OCEANSIDE — After a staff presentation of three options for the circulation plan to manage traffic through 2030, residents had their say on which plan they saw as the best fit June 6.
Time did not allow for City Council to discuss and vote on circulation plan options that carry different recommendations from the Planning Commission and city staff.
The three options are to modify present roadways, or choose between two alternate plans.
Modification of present roadways would include expanding College Boulevard to six lanes, extending Melrose Drive in two directions, extending Pala Road, and expanding Mission Avenue and Coast Highway to four lanes.
Alternative 1 would expand College Boulevard from four to six lanes, only extend Melrose Drive from Spur Avenue to North Santa Fe Avenue, and turn Mission Avenue into a one-way street between Cleveland Street and Clementine Street.
Alternative 2 would not include the Rancho Del Oro SR 78 interchange, would expand College Boulevard from four to six lanes, would not extend Melrose Drive or Pala Road, and would expand Mission Avenue to four lanes and Coast Highway to two lanes with roundabouts.
The Planning Commission recommended Alternative 2.
City staff recommended Alternative 1.
The circulation plan was last updated in 1995, with minor changes made in 2000. City staff has been working on the current options since 2005 and collected public input on the plans since 2009.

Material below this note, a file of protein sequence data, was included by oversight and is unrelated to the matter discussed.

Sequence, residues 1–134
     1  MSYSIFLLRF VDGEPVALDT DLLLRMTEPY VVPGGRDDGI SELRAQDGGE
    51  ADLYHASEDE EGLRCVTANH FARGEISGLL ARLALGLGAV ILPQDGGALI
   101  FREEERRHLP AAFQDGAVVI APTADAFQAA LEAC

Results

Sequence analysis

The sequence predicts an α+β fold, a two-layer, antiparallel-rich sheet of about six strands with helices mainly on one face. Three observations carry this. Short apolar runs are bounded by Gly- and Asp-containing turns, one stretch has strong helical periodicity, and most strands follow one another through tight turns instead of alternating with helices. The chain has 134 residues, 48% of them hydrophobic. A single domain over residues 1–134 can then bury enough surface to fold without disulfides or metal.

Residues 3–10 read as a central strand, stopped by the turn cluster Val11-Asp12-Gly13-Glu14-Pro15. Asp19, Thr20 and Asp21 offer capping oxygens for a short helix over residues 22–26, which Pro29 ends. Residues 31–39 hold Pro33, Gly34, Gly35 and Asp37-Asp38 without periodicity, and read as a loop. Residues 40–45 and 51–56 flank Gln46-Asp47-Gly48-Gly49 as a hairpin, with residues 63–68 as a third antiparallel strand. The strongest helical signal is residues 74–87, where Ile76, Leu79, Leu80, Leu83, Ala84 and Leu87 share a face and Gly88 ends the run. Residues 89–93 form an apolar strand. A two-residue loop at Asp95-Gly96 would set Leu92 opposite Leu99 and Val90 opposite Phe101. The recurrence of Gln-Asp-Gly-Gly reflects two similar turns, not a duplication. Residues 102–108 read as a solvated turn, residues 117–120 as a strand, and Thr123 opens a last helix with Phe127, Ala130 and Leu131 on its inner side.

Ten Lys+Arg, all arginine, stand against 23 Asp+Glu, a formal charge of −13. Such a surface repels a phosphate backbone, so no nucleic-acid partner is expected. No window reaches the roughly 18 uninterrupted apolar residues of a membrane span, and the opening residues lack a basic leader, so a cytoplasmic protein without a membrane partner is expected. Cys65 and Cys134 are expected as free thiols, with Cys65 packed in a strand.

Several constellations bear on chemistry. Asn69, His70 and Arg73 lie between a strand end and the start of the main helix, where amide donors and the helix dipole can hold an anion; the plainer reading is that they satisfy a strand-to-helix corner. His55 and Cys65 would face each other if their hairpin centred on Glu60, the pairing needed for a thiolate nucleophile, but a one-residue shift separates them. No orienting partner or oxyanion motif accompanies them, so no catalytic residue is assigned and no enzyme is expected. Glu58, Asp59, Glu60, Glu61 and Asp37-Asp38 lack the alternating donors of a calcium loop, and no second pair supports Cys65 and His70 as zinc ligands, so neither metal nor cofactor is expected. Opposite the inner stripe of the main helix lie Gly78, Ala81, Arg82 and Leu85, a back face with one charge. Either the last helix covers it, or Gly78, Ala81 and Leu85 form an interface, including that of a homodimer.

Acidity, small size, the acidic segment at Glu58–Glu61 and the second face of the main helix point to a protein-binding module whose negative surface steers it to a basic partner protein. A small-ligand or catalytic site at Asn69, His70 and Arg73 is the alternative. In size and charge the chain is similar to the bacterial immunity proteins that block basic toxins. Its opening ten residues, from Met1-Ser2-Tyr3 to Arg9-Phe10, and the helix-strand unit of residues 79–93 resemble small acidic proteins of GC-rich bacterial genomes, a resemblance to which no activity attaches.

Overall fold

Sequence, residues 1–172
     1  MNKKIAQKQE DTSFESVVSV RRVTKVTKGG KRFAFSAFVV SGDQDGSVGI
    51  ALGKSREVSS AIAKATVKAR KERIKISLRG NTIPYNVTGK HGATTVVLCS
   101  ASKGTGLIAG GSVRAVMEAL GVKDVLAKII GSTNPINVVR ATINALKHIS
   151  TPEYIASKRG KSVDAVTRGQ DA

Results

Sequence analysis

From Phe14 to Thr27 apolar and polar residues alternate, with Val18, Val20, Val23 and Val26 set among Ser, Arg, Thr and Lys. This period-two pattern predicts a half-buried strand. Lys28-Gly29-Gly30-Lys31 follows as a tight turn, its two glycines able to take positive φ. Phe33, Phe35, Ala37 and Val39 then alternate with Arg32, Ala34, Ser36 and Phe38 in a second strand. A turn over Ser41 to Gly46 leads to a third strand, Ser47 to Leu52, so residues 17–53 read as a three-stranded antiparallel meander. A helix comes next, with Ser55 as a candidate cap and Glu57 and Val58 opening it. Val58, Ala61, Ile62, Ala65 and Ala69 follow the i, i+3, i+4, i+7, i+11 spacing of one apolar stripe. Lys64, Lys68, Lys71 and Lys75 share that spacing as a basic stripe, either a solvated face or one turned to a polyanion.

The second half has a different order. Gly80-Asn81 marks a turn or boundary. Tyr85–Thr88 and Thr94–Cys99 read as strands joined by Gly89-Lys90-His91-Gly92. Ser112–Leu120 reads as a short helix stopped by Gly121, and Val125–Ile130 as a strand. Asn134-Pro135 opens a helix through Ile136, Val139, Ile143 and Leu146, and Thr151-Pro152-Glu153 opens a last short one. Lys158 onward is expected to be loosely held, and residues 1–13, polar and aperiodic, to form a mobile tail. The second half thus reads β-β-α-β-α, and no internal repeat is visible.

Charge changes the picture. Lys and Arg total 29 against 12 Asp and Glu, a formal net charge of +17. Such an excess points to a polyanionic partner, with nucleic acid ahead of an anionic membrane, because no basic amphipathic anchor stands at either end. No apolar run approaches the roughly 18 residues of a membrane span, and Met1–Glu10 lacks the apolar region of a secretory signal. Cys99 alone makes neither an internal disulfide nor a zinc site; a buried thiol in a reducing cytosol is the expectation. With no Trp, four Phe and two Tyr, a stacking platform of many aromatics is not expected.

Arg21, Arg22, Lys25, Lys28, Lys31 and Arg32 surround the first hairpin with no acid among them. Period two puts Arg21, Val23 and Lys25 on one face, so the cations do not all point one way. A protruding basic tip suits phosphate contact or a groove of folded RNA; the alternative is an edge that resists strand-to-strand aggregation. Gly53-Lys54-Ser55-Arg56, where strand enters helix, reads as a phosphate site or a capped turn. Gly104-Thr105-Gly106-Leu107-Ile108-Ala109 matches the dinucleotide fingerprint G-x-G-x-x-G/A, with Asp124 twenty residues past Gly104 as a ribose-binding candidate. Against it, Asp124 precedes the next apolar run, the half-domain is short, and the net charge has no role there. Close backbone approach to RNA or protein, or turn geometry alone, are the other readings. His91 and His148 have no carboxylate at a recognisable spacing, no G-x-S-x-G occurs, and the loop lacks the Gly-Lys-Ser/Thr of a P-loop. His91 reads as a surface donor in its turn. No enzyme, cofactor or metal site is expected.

“Work is needed to get it up to standards,” John Amberson, transportation planner, said.
Ongoing controversy has surrounded recommendations for the Melrose Drive extension from SR 76 to North River Road, the Rancho del Oro SR 78 interchange, extension of College Boulevard to Roselle Drive, extension of Vista Way between I-5 and Coast Highway, extension of Lake Boulevard between Thunder Drive and Sundown Drive, and extension of Pala Road between Los Arbolitos and Foussat Road.
Most residents spoke in favor of Alternative 2, and said it was the least damaging to the environment and community character.
Concerns ranged from moving traffic efficiently, to having funds to make proposed road improvements, and considering pedestrians and cyclists in the circulation plan.
“Coast Highway 101 is too much like a highway and should be like a local street,” John Daily, Oceanside resident and owner of Cafe 101, said. “If we’re going to support change the Vision Plan needs to be included. If there is change there needs to be some vision.”
Some residents said both plans failed to move traffic smoothly. Residents criticized plans for creating thoroughfares for out of town traffic to get through Oceanside, and not easing local traffic congestion.
“This is really a plan about cars,” Diane Nygaard, Oceanside resident and founder of Preserve Calavera, said. “We cannot pave our way out of traffic congestion.”
“The document needs to go back to the drawing board,” Nadine Scott, Oceanside resident and community activist, said. “Oceanside still has failing intersections. Alternative 2 is just off. Alternative 1 is the most damaging (to the environment).”
Residents also voiced concerns about the ill effects proposed circulation plans would have on the character of neighborhoods.
“I oppose the Melrose Street bridge that will impact our neighborhood and our farming community,” one local farmer said. “We need to keep our rural community rural. This is not the answer, putting a bridge at our doorstep.”
Amberson said the proposed circulation plans are designed to improve current traffic conditions and look ahead at a way to ease anticipated 2030 traffic.
“Alternative 1 is in the middle,” Amberson said. “Alternative 2, on the other hand, doesn’t build anything, but preserves the environment. It will take more than the circulation element to be the silver bullet.”
The circulation plans will be brought back to City Council to vote June 20.